Poster Style

How poster advertisements changed logo type

In early 20th century Germany, artists gave new structure the visual cacophony of cities: posters. This art was deliberately commercial—it changed what it meant to be an artist, what it meant to make art, and how we used letters.

It started with Steglitz Studio, in Berlin. The studio’s founders, F.H. Ehmcke, George Belwe, and F.W. Kleukens, were on summer holiday from the Royal Museum Art Academy when Ehmcke convinced the others they should never go back. Instead, they would start their own studio, making fine books, like latter-day William Morrises. Belwe’s father could even rent them a small workshop.

There was nothing holding them back except for a profound lack of market for fine books. To keep their new studio going, they accepted work lithographically printing business cards and postcards advertising local businesses. This accidentally set them up as a first in their country. Other design studios existed in Germany, but only theirs focused on advertising.

Despite their reverence for William Morris, in practice Steglitz Studio was already moving past Jugendstil, the German manifestation of Art Nouveau. Their designs were comparatively minimal, shorn of decorative elements, with a balance between images and text. The letters they used provided “a resting point for your eyes.” The style was effective for advertising; soon they were too busy to produce all of their work lithographically. They needed a letterpress.

Letterpress printing meant acquiring fonts. They considered a simplified Blackletter, but settled on a more forward-looking option: Otto Eckmann’s Eckmannshrift, a Blackletter-inflected type from the Klingspor foundry. Eckmannshrift was typical Jugendstil type: retrospective yet modern,  incorporating vernacular style into accessible universality. It was a wise choice; similar fonts were the typographical champions of German modernity. Peter Behrens’ Behrenshrift, for example, became Germany’s official typeface for the World Expos of 1904 and 1910.

It was all characteristically German. Blackletter was very old—inscrutable and illegible to the outside world. Germany, on the other hand, was a very new country—still only about 30 years into unification—and a burgeoning industrial powerhouse. Yet Gutenberg had invented the press in a place that had become part of the new Germany. The first font ever was a Blackletter. New as Germany was, it strode into the future unreeling a cable fixed to the origin of type founding and the modern era itself. Blackletter was Germany’s tether to the past. Strong as it was, its role in bringing about modernity precluded the misty medievalism that the English were prone to. What was modern and industrial was inherently German. This would inform German design for the next thirty years.

Equipped to meet the demands of their clients with an eye-arresting style, Steglitz Studio’s profile exploded. The detonation ignited a debate among German artists: Kunst oder Kitsch—was art in advertising actually art? Or was it something else—Kitsch, a cheap exploitation of sentimentality. Commercial artists were making clear artistic advances; they thought of themselves as real artists. If anything, they were the real artists. So what if they got paid for it? What use was someone who lived off of patronage anyway?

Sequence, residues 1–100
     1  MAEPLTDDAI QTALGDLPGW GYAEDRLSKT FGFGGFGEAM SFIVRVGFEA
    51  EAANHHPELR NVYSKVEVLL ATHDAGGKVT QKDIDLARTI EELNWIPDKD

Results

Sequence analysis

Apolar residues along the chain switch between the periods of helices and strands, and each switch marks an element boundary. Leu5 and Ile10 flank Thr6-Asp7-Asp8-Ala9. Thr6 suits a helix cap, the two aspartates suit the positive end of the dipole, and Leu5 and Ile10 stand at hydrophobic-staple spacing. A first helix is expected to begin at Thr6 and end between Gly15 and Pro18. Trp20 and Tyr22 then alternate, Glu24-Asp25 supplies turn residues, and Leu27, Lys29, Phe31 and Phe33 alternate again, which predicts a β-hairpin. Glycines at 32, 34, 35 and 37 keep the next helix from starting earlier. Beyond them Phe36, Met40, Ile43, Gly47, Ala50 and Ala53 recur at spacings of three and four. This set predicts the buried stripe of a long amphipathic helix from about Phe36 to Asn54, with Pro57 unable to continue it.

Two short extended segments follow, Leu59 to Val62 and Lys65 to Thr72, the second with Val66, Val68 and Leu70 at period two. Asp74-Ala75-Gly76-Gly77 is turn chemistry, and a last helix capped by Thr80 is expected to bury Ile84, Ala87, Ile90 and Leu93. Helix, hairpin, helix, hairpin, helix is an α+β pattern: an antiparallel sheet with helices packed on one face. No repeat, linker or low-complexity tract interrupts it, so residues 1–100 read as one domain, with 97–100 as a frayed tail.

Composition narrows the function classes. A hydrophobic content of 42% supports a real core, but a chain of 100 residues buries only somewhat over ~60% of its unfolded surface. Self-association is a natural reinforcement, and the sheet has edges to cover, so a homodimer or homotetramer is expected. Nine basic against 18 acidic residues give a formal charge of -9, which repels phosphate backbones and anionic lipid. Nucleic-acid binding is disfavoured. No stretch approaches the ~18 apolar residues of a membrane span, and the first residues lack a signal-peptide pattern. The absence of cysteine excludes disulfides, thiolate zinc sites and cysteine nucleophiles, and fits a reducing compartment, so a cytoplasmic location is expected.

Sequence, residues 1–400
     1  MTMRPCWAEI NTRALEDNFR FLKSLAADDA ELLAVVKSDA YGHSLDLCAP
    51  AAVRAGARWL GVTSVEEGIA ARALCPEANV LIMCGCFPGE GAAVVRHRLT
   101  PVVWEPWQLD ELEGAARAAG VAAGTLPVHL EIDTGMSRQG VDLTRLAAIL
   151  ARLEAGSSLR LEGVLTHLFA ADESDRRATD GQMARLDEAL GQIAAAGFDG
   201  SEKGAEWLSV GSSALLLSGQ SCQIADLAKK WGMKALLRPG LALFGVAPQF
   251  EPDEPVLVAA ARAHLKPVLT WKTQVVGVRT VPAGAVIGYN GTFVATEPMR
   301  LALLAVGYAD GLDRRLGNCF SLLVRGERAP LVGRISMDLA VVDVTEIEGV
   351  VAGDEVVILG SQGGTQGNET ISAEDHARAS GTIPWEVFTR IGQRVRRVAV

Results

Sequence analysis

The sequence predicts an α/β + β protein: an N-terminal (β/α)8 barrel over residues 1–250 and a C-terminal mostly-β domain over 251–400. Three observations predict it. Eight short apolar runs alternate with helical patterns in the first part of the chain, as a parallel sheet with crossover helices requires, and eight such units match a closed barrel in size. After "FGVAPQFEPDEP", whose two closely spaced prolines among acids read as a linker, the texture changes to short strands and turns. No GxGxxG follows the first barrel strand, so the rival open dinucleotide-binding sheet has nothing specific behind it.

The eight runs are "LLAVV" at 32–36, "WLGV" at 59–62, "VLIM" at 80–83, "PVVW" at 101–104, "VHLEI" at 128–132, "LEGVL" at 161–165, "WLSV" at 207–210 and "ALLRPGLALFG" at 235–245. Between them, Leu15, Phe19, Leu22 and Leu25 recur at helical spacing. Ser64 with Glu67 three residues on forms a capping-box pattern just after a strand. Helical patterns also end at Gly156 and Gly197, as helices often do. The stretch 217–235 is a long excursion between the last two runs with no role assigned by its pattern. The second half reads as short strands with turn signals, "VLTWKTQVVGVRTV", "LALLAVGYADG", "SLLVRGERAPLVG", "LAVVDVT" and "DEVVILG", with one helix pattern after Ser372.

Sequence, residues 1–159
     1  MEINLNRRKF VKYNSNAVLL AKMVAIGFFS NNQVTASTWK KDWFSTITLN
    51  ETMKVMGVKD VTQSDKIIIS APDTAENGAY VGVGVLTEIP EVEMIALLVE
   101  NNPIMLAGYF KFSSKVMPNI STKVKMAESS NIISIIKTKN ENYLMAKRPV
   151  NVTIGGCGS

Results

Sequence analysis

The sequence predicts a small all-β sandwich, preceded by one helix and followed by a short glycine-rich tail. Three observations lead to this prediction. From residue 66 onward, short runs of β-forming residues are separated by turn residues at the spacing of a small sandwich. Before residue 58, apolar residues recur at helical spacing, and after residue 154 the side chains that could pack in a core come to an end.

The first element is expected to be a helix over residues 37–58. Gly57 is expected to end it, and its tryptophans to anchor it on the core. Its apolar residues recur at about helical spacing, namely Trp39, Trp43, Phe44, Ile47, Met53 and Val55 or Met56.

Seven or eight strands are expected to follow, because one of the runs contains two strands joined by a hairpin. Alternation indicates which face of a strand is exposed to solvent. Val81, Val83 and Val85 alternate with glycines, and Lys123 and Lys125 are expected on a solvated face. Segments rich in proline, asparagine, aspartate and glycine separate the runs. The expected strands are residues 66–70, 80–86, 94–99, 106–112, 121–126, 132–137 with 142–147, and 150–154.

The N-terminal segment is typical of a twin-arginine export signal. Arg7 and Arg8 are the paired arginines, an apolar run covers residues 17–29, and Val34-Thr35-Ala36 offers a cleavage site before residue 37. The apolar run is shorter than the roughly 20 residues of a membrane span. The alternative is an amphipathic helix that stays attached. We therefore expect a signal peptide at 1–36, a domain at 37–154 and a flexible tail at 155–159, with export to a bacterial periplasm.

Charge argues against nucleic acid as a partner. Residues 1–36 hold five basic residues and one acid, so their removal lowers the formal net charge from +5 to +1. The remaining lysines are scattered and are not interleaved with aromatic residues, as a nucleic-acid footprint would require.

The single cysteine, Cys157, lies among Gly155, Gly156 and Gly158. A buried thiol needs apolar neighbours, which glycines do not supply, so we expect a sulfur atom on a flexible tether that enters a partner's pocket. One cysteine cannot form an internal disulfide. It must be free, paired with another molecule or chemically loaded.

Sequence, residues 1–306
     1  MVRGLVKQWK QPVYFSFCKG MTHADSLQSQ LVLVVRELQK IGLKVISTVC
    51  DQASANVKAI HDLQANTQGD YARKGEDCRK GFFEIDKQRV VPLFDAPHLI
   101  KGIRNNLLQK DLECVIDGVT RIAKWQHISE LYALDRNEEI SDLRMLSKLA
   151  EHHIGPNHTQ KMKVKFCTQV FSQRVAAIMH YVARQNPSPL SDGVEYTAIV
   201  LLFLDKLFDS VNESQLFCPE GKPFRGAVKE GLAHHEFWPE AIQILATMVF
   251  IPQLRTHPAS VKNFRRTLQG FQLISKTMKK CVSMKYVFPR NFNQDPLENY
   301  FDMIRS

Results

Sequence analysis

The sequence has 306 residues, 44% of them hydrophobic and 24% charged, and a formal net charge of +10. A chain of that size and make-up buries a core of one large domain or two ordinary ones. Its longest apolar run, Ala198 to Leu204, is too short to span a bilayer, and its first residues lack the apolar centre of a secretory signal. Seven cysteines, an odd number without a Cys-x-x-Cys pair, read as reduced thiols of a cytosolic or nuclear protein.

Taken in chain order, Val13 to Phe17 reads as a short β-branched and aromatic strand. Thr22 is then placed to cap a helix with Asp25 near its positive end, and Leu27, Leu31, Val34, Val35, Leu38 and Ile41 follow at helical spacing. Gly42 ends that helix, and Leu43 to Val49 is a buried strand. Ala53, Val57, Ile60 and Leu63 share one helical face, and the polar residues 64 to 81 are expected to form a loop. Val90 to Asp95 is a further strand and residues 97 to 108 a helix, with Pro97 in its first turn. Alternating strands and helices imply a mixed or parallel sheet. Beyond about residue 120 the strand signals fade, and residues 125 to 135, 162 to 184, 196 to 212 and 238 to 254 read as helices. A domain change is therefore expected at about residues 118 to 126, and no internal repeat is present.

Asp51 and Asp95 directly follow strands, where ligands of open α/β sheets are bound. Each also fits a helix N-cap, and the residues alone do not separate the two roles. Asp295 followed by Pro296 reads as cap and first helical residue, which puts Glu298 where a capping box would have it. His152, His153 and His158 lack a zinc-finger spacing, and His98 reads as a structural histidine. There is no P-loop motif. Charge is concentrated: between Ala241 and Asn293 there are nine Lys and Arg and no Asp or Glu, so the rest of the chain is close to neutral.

The economist and sociologist Werner Sombart expressed a popular sentiment, fretting about the spreading “slime of modern culture”. Sombart, and many others, worried that the chaos and unordnung of the city would spread like smoke from a chimney and poison the countryside. Even though industrialization was much newer in Germany, there are echoes of Morris’s medievalism in this pastoral anxiety. It also reads as a surprisingly familiar and present argument—the kind of polarization we’re still learning to roll our eyes at. Back then, the designer Edmund Edel tried to take the hot air out of the argument. “What is culture?” he asked. “Isn’t a smoking chimney as valuable for our culture as the polished fingernail or silk underwear of an aesthete?”

Steglitz Studio didn’t last long enough to see a resolution to this debate—if any of us will. But it did draw its share of visiting artists, including a talented visual artist and type designer named Lucien Bernhard. Steglitz attempted to hire Bernhard, but he decided to take his talents to Hollerbaum & Schmidt, a printing company run by Ernst Growald, who recognized the potential for posters in advertising.

Bernhard was a talented type designer and visual artist; his designs struck a balance between picture and letter by building a broad base of simple visuals and expressive type. His posters are unmistakable: each depicts an object in a stripped-down, essentialist illustration, coupled with the company name rendered as large as the object. The message is always clear: Priester is matches, Osram is lightbulbs, Bosch is spark plugs, Stiller is shoes. The act of branding proposes that the maker is equal to the entire realm of products; the individuality of the brand shines through in the type designed to render its name. Bernhard was an originator of Plakatstil (Poster Style). His object-focused posters exemplified the Sachplaket (object poster) style that soon swept through advertising.

It wasn’t long before something far more devastating than cultural slime swept through the countrysides of Europe. Poster-based advertising was about to enter a new arena. Its object: the nation.